An activist fund with a history of pressuring Japanese management has emerged as the largest minority shareholder of PanaHome — the housebuilder at the heart of a spiralling proxy battle and pivotal test of Japan’s corporate governance code.
As of Friday, Oasis Capital, which is led by Seth Fischer, held some 4.83 per cent of PanaHome, putting the fund ahead of Japan’s Government Pension Investment Fund (which holds 3.5 per cent via multiple fund managers) on the shareholder register and creating what other minority investors have called a “focal point” for applying pressure to management.
Investors now plan to lobby the proxy advisory group Institutional Shareholder Services.
The imbroglio centres on a row over what one investor called a “fantasy” low valuation by PanaHome’s majority shareholder, Panasonic. It has revived fears among both foreign and domestic investors that Japanese companies have made little more than cosmetic progress on corporate governance.
The establishment of Japan’s first corporate governance code in 2015 was hailed in many quarters as tangible success of the “Abenomics” programme of prime minister Shinzo Abe. Since then, however, even people involved in writing the code have admitted that corporate Japan has yet to make the cultural shift necessary for companies to genuinely cater to shareholder interests.
Mr Fischer’s engagement with Japanese management in recent years has included a three-year campaign to convince the Kyoto-based Nintendo to pursue growth beyond the traditional console business and release games on mobile phones — an effort that bore fruit in December 2016 with the launch of Super Mario Run.
Mr Fisher said: “It is important that prominent companies such as Panasonic take a lead role in applying good corporate governance, rather than undermining it and with it the confidence of all shareholders.”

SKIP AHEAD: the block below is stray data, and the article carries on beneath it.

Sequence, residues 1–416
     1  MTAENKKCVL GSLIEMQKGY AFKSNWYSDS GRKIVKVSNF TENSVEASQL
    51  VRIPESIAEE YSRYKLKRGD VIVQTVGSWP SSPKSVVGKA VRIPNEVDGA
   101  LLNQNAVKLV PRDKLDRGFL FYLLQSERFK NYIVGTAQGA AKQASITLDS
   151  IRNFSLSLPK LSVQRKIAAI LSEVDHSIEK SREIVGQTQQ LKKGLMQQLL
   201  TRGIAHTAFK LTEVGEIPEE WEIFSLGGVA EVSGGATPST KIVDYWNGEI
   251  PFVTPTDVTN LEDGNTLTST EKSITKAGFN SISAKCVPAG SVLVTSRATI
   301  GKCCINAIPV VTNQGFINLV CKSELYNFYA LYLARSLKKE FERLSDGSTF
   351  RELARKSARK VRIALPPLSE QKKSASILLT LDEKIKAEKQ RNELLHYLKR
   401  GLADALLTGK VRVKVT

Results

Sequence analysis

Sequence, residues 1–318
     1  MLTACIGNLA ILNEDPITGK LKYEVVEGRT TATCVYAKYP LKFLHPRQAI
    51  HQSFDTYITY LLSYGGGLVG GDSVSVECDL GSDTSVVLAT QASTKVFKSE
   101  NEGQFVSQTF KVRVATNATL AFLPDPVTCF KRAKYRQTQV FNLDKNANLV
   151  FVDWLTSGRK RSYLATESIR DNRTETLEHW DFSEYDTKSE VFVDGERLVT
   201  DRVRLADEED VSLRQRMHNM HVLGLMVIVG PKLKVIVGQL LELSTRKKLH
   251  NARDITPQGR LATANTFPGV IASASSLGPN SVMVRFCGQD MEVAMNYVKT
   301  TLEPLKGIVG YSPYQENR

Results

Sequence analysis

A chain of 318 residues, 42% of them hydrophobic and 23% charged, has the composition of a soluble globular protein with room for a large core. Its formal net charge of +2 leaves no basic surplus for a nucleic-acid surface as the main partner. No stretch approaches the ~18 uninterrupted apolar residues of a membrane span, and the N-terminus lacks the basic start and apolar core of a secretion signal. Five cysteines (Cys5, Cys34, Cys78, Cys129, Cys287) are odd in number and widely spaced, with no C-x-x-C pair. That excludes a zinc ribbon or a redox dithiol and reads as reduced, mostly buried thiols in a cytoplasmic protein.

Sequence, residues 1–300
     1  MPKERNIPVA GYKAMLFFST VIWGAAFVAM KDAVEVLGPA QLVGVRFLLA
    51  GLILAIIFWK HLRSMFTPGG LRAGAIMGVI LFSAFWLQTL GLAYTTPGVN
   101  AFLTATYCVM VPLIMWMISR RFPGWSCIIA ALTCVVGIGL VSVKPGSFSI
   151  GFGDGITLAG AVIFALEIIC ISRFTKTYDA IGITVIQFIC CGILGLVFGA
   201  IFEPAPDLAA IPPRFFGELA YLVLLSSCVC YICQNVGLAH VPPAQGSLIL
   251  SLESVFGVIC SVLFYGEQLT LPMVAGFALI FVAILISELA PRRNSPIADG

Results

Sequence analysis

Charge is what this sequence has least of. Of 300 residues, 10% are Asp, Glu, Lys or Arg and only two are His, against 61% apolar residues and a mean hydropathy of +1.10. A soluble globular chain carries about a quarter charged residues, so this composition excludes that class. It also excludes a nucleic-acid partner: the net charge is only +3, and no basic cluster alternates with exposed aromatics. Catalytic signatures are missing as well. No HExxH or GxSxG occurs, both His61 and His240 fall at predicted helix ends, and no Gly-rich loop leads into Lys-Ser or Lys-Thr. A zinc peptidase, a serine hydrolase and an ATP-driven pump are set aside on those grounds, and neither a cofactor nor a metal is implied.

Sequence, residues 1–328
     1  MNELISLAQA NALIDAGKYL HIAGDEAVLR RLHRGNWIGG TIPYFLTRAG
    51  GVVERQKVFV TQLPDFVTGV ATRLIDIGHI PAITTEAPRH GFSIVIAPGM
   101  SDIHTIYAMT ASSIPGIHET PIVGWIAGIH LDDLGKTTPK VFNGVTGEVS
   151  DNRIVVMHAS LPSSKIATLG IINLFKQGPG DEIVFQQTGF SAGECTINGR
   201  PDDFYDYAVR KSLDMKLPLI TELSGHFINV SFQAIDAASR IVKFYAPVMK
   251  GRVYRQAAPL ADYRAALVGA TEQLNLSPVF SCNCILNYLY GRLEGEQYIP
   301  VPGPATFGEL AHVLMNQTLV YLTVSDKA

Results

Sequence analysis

The PanaHome row centres on an attempt by Panasonic to buy in the 46 per cent of PanaHome it does not already own. Although the move itself — buying-in a listed subsidiary — is seen by corporate governance proponents as positive, the complaints focus on the proposed price.
One investor’s letter to PanaHome management described the proposed transaction as “an affront to the principles of transparency and corporate governance that form the bedrock of Abenomics”.
Under the acquisition agreement announced in late-December, 0.8 shares of Panasonic will be swapped for each share of PanaHome based on an independent calculation conducted by SMBC Nikko Securities, commissioned by PanaHome. Although that implies a value of ¥1,009 per PanaHome share — above last Friday’s close of ¥979 per share — when net cash is stripped out, the valuation amounts to ¥339 per share. Mr Fischer has argued that in a fair and competitive auction, the PanaHome shares could command a valuation of ¥1,500 per share.
That places PanaHome, which sits in the top 5th percentile of the market in terms of 10-year operating profit growth, in the bottom 5th percentile by valuation. One investor, who declined to be named, questioned the methodology of the report.
SMBC Nikko declined to comment, while Panasonic said that the valuation reflected the financial conditions, earnings trends and share price movements of the two companies.
Sample the FT’s top stories for a week
You select the topic, we deliver the news.